Dover Police will patrol all schools in the Capital School District indefinitely in the wake of the Newtown, Conn. tragedy that took the lives of 20 children and six adults.
The Dover Police Department has stepped up patrols this week within local schools in the wake of the tragedy in which 20 children and six adults were killed by a gunman in Newtown, Conn. Friday.
"As a precautionary measure, and after speaking with Police Chief James Hosfelt, we felt it would be in everyone's best interest to increase patrols," Dover Public Affairs & Emergency Management Coordinator Kay Dietz-Sass said. "We don't want parents to panic when coming to the schools and seeing police, we want them to feel a little more at ease dropping their children off."
Dietz-Sass called the Connecticut murders a "senseless tragedy."
Dover Police Captain Tim Stump said an officer had been assigned to each school in the city and would continue those assignments for a while.
"The purpose of our high visibility is hopefully to ease concerns for everyone," Stump said. "We have had a few calls from parents inquiring as to our presence. I believe most were comforted by the fact that officers were present."
Usually, only Dover High School and Central Middle School have so called school resource officers, Capital Superintendent Dr. Michael Thomas said. In addition, William Henry usually has a third Dover Police officer present working with REACH program, he said. In addition, many of Capital's schools reviewed their school safety and emergency procedures with staff and students.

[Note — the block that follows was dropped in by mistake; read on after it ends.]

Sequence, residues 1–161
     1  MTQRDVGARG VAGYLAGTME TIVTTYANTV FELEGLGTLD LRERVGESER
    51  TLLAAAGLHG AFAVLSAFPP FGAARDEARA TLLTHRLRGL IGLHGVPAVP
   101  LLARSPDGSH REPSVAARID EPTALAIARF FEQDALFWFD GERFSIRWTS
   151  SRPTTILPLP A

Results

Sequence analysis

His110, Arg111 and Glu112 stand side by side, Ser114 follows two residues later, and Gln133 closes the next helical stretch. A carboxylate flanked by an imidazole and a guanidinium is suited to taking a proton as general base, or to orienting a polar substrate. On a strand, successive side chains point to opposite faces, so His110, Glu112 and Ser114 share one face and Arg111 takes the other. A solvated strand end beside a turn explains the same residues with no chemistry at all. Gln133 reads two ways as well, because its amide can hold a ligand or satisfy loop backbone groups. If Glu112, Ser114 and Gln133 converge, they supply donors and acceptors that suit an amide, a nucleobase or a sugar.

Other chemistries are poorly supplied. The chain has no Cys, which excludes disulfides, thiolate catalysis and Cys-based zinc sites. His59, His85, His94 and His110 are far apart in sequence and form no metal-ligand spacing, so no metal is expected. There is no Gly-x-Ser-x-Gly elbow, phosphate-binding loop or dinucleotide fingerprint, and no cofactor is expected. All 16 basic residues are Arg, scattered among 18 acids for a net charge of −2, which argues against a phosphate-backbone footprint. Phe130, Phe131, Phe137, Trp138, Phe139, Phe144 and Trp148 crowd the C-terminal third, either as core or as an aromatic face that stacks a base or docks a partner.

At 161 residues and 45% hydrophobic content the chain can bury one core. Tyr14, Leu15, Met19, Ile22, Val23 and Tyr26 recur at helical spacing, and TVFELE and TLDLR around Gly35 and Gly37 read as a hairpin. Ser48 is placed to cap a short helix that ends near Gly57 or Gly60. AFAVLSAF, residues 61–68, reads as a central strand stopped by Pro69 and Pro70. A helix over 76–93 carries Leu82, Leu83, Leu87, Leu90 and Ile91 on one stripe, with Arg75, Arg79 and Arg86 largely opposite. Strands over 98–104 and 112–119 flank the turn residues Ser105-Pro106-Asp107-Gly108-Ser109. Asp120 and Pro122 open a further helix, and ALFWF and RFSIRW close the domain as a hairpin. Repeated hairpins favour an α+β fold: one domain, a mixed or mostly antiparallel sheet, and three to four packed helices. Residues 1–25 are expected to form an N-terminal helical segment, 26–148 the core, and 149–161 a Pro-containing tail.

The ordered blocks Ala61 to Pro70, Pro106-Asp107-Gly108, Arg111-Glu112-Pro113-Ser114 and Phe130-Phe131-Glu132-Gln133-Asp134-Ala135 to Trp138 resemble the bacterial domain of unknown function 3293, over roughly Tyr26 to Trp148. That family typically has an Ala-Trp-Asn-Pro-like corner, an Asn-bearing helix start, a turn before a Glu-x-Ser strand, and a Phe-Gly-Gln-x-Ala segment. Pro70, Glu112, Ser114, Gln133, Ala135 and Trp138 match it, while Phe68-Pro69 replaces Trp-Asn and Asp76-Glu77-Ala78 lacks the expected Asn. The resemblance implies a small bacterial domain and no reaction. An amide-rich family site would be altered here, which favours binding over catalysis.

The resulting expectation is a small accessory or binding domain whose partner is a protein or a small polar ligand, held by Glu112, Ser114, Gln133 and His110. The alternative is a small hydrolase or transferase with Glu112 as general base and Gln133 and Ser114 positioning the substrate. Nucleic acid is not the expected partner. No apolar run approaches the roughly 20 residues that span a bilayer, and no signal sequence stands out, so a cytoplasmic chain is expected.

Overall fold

Capital School District and Dover Police Department have worked together for many years to place school resource officers in some of the schools, Mayor Carleton Carey said.
"We want to make everyone aware that we are doing what we can as a city to aid in their enforcement efforts as well," Carey said.
Dover Police received nothing but positive responses to the increased police presence in schools, Stump said.
"We received a message from one parent who told us that her first grade daughter, understandably upset over recent events, was given a sense of security when she saw the officer at her school," he said. "If it helps to make that little girl feel better, then it makes us feel better."
The increased police presence on Monday was welcomed by Capital educators, including William Henry Principal Tory Giddens and Booker T. Washington Principal Dale K. Brown.
"We appreciated having them there this morning," Giddens said during the inaugural "Coffee With A Cop" event held at McDonalds at 1788 North Dupont Highway.
Brown said his students got to know Sgt. Jack Fortney, the police officer assigned to them on Monday. They found out through some chitchat that Fortney was also the fire chief until recently, Brown said.
Hosfelt credited Master Cpl. Todd Case for first suggesting the idea to increase patrols at schools last Friday evening. Case is the school resource officer assigned to William Henry Middle School.
'It is a drain on resources but it is worth it to us," Hosfelt said.
In addition, not one officer complained about the extra duty, Hosfelt said. Officers have been trained to drop by school to say hello to staff or even to just stop in school parking lots to fill out paperwork or take their lunch, he said.
"It's good for them and it's good for us."